Ever heard of retail therapy? Well, we've been told that it really does work. So, say you walk into the mall and get something you want and then you feel super happy about it. And now, you're addicted to buying things. Retail therapy has started burning holes in your pocket and you don't know what to do about it. Well, worry not, because experts have come up with three solutions to help curb that urge to shop. Take a look. Pretend:
The very first thing to do is to pretend that you're shopping. So, say you're browsing on some shopping site online and you saw something you liked. Select that item, even add it to your cart and then close the window. Similarly, if you're going out to shop, don't carry your wallet with you. Just do some window shopping instead.
“Have some type of cooling off time period before you commit to purchasing the item,” says Ross Steinman, a professor of psychology. “You should attempt to eliminate consumer decisions in an emotional state. This often leads to impulse buys.” Then after you've waited long enough, eliminate all remaining temptation. "Delete those items so that they are not waiting for you in your shopping cart only one click away to purchase the next time you visit the online retailer,” Steinman says. Prepare:
The next step is to stay prepared. Only pretending to shop won't help curb all your urges so at some point you're going to give in to your impulses and that's what you need to be ready for. “Ultimately, you’re teaching your brain a new association. Meaning I can think of a store like Target or Costco or Ikea and think that it doesn’t compel me to shop per se. It’s just another store,” says one doctor.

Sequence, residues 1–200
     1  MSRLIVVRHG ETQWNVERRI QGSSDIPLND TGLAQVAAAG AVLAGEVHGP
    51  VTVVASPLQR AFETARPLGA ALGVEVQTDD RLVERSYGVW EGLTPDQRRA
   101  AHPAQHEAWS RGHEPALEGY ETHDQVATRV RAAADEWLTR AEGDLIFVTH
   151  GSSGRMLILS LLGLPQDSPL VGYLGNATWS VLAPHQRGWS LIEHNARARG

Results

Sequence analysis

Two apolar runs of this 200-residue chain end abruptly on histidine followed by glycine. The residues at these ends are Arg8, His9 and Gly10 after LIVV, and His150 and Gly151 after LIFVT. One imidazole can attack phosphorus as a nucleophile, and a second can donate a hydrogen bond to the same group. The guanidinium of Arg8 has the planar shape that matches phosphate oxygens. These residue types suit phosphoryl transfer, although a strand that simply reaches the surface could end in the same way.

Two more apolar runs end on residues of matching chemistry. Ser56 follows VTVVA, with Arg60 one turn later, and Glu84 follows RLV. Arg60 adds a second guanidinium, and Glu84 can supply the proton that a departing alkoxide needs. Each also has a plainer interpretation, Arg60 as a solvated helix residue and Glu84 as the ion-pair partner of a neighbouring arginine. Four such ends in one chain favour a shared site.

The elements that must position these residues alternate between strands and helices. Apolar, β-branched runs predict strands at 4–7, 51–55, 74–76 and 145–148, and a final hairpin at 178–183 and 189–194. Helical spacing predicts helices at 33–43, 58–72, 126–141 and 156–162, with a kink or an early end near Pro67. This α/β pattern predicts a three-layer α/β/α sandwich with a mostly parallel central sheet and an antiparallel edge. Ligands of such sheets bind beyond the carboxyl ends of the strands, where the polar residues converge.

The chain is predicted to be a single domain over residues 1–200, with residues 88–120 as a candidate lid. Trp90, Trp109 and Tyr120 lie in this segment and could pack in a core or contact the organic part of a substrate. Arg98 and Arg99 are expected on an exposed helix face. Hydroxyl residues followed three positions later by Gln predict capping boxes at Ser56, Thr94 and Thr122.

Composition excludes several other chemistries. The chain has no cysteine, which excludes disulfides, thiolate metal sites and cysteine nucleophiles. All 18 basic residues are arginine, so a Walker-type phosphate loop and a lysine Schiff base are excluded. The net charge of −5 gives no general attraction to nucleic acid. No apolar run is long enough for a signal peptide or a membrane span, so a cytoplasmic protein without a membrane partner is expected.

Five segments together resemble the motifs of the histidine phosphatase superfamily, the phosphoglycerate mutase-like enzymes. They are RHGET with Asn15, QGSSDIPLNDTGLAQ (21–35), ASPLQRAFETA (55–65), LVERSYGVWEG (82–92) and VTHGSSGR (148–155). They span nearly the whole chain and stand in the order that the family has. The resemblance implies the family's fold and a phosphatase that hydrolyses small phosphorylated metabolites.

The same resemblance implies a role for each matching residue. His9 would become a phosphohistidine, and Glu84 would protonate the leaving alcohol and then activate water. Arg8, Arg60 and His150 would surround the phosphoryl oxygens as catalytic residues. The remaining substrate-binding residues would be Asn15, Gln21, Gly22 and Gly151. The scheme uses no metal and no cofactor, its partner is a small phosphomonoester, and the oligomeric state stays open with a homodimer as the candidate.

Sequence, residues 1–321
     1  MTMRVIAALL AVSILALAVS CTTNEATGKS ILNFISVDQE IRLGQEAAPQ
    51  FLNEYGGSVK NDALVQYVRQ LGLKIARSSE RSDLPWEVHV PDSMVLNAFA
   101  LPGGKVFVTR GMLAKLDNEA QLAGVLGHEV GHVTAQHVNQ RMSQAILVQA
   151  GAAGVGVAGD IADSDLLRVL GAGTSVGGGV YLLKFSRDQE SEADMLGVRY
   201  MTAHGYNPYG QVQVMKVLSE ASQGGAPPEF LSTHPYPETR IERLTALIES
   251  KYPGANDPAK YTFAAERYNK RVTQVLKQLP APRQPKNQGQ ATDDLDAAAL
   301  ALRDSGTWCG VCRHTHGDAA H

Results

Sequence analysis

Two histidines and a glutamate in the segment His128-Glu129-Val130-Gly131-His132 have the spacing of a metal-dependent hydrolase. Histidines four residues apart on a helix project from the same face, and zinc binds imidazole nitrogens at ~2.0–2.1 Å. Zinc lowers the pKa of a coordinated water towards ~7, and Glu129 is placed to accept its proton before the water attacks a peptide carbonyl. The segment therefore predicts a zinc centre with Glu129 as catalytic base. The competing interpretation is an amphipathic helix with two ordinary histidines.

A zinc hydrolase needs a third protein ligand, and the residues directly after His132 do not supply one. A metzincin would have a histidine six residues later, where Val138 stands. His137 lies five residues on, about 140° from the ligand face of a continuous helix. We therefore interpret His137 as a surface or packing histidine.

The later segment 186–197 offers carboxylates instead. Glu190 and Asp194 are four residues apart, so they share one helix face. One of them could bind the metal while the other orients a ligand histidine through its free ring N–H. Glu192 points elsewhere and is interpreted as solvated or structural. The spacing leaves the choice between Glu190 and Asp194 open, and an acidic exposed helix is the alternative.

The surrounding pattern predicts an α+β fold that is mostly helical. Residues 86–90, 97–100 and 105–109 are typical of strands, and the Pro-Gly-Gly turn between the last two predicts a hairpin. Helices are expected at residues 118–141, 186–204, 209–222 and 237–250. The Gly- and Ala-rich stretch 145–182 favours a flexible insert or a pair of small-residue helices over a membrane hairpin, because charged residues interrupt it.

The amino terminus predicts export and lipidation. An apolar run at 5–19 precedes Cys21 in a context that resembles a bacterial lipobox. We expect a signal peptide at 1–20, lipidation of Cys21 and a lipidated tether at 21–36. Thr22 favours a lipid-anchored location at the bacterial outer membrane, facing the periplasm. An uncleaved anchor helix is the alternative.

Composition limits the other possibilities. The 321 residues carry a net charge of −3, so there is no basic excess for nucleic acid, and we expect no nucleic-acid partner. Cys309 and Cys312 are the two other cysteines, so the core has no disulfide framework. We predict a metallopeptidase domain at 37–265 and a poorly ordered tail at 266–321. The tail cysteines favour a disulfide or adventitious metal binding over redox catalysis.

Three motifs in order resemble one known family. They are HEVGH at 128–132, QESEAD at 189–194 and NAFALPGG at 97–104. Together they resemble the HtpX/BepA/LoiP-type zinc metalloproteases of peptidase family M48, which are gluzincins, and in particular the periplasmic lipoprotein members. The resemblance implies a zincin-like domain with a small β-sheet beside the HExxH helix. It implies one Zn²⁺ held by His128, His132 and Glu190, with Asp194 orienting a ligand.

Make sure that you know why you're buying what you're buying and make sure that you can justify your reason for buying that product. Make a budget and create a list of things you want and then hold yourself accountable for that list. This way if you spend money on items from that list, you'll know whether it was the right decision or the wrong one. Ponder:
Now, comes the final step. As you start your shopping process, keep a track of your buying behaviour. “It will raise awareness about how much somebody is spending and also identify trigger points,” Steinman says. Try to take multiple factors into account like what time of the day you prefer shopping or whether you feel more energetic towards shopping if you've had some coffee.
He further added that you should also try to keep a check on how you're feeling when you buy things. Then you could use other resources or do other activities to help feel the same kind of high. Try to opt for these tips and see whether they work for you. Stay tuned for more updates.